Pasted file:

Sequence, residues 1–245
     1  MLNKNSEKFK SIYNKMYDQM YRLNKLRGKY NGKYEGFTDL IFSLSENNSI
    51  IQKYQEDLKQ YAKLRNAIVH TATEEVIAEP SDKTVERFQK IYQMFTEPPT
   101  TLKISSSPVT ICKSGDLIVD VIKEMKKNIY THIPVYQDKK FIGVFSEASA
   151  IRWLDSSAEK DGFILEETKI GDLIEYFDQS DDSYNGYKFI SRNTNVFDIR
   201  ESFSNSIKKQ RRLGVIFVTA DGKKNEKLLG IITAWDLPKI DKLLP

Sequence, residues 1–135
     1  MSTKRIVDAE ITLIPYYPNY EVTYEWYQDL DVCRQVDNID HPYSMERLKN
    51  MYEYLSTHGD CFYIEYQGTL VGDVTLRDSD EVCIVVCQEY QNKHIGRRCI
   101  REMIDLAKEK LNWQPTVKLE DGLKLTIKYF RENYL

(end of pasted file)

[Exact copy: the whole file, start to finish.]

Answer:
Sequence, residues 1–245
     1  MLNKNSEKFK SIYNKMYDQM YRLNKLRGKY NGKYEGFTDL IFSLSENNSI
    51  IQKYQEDLKQ YAKLRNAIVH TATEEVIAEP SDKTVERFQK IYQMFTEPPT
   101  TLKISSSPVT ICKSGDLIVD VIKEMKKNIY THIPVYQDKK FIGVFSEASA
   151  IRWLDSSAEK DGFILEETKI GDLIEYFDQS DDSYNGYKFI SRNTNVFDIR
   201  ESFSNSIKKQ RRLGVIFVTA DGKKNEKLLG IITAWDLPKI DKLLP

Sequence, residues 1–135
     1  MSTKRIVDAE ITLIPYYPNY EVTYEWYQDL DVCRQVDNID HPYSMERLKN
    51  MYEYLSTHGD CFYIEYQGTL VGDVTLRDSD EVCIVVCQEY QNKHIGRRCI
   101  REMIDLAKEK LNWQPTVKLE DGLKLTIKYF RENYL